The D-DAY Landings and the Battle of Normandy

The Battle of Normandy

This exhibition space deals exclusively with the Invasion of Normandy, a key episode in the liberation of Europe.

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For the first time ever, we cover every detail of the Invasion of Normandy. Indeed, few people really know how much Normandy suffered following 6 June 1944. 20,000 inhabitants of Normandy were killed, that is a third of all French civilians killed during the Second World War. Towns were razed to the ground in mass bomb attacks, battles as fierce as those on the Eastern front raged, civilians underwent terrible suffering and many were evacuated, the German army fled and was pursued.

The Battle of Normandy was not supposed to last more than a few weeks. It would only end on 12th September with the liberation of Le Havre, one hundred days after the Landings.

July : the Allies mark time

Their taking of Cherbourg at the end of June had been a major success on the part of the Americans.

Their taking of Cherbourg at the end of June had been a major success on the part of the Americans. Once the town’s port was rehabilitated, it would serve as a logistics base for the reconquest of France. But the month of July, which saw fresh attacks being launched in the south, was a good deal less favourable to the allied cause. In the “bocage” of Cotentin, the GIs strove to gain the upper hand and suffered terribly for it. It was “the hell of the hedgerows”. The fields were fiercely defended by the Germans and had to be taken one by one, at the cost of considerable and repeated losses. The advance was discouragingly slow. “This damn war could well last twenty years!” one American general bemoaned. On their side, the British and Canadians were blocked at the gates of Caen, which they had hoped to take on the evening of the 6 June. It is true that they were confronted with the best the German army had to offer, with its formidable Wehrmacht and Waffen SS armoured divisions.

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The liberation of Caen

After a month of siege, Montgomery decided to try a frontal attack on Caen in an attempt to break the deadlock.

After a month of siege, Montgomery decided to try a frontal attack on Caen in an attempt to break the deadlock. On 4 July, the final attack was preceded by a Canadian assault on the 12th Panzer SS Hitlerjugend entrenchments around Carpiquet and its aerodrome, which were taken after hard fighting. On the evening of the 7th, heavy aerial bombing opened a breach in the German defences to the north of Caen. The Canadians and British finally entered Caen on 9 July. The right bank of the Orne, however, was not to fall for another ten days and the Germans were able to re-establish their lines of defence south of the town and continue to block the road to Falaise.

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Operation Cobra: The American breakthrough

General Bradley had put the finishing touches to a plan for getting his troops out of “the hell of the hedgerows”.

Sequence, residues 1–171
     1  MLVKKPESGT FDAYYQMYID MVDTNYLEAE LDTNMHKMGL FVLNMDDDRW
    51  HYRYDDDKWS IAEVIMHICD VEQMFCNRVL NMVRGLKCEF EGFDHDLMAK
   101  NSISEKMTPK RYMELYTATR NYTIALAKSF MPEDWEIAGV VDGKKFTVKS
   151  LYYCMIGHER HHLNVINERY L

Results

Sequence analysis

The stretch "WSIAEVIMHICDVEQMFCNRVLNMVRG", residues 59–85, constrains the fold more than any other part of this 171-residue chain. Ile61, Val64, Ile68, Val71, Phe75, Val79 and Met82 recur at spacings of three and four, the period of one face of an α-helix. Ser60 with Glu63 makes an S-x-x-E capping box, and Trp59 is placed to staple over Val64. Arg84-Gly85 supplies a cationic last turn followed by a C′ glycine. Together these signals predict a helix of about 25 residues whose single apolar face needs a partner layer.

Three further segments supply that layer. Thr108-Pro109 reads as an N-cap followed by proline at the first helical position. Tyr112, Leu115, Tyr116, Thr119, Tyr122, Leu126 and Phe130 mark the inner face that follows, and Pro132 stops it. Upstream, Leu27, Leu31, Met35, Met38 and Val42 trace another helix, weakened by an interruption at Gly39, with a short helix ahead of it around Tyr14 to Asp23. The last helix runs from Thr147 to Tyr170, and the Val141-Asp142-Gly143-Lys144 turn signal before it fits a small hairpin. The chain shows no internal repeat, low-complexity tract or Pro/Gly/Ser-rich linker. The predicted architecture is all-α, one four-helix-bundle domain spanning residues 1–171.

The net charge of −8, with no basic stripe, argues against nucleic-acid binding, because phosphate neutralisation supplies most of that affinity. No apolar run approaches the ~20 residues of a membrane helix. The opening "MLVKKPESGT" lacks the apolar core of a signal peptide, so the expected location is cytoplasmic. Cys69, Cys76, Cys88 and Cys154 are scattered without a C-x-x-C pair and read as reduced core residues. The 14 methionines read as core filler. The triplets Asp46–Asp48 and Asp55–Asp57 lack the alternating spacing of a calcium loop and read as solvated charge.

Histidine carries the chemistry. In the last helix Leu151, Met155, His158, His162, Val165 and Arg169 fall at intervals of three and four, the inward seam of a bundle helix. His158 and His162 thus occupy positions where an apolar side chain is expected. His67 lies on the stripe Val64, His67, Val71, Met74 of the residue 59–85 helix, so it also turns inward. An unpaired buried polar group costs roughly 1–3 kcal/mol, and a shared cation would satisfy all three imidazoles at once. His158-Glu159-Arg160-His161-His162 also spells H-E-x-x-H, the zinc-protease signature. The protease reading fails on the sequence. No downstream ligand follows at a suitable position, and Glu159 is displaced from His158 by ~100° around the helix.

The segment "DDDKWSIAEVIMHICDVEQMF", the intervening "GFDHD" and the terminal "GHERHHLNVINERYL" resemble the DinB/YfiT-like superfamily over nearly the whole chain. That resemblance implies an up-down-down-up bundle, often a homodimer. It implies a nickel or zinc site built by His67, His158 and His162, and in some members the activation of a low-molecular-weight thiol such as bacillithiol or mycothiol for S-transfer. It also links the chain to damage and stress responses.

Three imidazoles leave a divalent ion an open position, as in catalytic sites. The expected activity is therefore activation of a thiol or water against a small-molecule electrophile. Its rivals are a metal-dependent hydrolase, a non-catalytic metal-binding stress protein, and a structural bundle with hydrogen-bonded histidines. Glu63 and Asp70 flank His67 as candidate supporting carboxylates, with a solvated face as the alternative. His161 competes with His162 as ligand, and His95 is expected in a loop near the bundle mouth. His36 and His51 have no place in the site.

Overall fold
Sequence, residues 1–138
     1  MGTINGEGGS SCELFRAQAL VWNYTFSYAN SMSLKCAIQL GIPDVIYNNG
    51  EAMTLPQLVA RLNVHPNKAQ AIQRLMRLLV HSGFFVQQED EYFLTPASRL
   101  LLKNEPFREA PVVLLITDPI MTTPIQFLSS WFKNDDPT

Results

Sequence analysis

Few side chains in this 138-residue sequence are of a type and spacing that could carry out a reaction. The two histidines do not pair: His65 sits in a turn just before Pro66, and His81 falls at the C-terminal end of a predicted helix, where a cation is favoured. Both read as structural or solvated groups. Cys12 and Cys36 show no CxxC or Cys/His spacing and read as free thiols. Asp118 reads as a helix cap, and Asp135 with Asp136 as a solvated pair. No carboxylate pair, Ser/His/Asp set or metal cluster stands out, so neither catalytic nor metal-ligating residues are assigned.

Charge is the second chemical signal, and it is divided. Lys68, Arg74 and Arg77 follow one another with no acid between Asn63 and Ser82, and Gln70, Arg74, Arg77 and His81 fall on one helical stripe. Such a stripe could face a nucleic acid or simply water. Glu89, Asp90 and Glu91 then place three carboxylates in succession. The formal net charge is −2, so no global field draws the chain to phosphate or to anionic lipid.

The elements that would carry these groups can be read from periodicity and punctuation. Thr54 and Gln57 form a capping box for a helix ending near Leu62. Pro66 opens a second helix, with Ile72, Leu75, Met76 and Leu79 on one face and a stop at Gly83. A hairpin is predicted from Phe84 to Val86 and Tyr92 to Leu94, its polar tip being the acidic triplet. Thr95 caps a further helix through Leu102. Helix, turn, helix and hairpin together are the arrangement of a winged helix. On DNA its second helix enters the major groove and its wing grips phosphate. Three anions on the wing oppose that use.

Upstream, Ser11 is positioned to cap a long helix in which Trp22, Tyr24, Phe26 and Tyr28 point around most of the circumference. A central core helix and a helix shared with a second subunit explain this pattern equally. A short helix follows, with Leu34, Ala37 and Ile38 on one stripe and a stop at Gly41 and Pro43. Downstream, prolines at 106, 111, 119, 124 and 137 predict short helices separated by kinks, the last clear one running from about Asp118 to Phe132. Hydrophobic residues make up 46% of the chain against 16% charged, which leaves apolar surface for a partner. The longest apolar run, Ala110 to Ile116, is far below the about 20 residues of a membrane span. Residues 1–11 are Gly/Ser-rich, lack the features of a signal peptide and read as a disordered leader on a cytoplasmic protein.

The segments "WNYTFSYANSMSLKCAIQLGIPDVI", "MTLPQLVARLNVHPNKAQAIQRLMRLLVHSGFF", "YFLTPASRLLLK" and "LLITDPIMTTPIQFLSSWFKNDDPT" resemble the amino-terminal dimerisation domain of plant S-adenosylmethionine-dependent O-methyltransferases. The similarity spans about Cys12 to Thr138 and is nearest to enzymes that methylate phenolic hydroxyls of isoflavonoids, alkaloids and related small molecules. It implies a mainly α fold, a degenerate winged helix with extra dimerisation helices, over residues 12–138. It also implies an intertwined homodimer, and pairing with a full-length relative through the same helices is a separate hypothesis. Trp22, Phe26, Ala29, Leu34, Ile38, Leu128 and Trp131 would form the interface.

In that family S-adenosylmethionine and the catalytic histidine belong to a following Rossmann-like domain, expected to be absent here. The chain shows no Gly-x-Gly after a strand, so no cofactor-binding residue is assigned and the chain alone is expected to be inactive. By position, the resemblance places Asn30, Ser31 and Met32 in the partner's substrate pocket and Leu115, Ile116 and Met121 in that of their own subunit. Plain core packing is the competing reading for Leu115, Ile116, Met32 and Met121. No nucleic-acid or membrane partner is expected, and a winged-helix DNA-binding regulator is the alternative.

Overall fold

General Bradley had put the finishing touches to a plan for getting his troops out of “the hell of the hedgerows”. Operation Cobra was launched on 25 July with massive aerial bombardment to the west of Saint-Lô that opened up a passageway through the enemy lines. The armoured divisions swept into the breach and overran the Germans, who were severely weakened after weeks of fighting and had no more in-depth defences left likely to stave off the assault. The front cracked from end to end and the Americans forged ahead with dazzling speed, advancing 60 km in six days and entering Avranches on 30 July before taking the fight on into Brittany under Patton’s leadership. The war of movement had replaced the war of position.

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The Falaise pocket

In mid-August, the success of Operation Cobra and the failure of the rash counterattack launched in Mortain upon Hitler’s orders gave General Bradley the idea of carrying out a vast encircling manoeuvre.

In mid-August, the success of Operation Cobra and the failure of the rash counterattack launched in Mortain upon Hitler’s orders gave General Bradley the idea of carrying out a vast encircling manoeuvre. Forced to fight on the run, the German armies were rapidly caught between two jaws (Anglo-Canadian to the north and American to the south), which inexorably closed upon them. Relentlessly pounded by aircraft and artillery, the pocket grew smaller by the day, finally closing once and for all on 21 August, near the village of Chambois.

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The Germans cross back over the Seine

The German armies in Normandy had not been annihilated in the Falaise pocket.

The German armies in Normandy had not been annihilated in the Falaise pocket. They were, however, no longer in any fit state to hold off their adversaries. At the end of August, the hour had come for retreat to the Seine, and then on to the borders of the Reich. The Allies tried their best to encircle the enemy to the south of the river, but were not quick enough. Almost all the bridges over the lower Seine had been destroyed. Nonetheless, the Germans, using ferryboats and whatever other means of transport they could rig up, managed to get 240,000 men and 30,000 vehicles across upstream and downstream of Rouen, at the price of having to abandon much of their heavy equipment. The operation was carried out in good order despite allied aircraft, which were hampered by cloudy skies.

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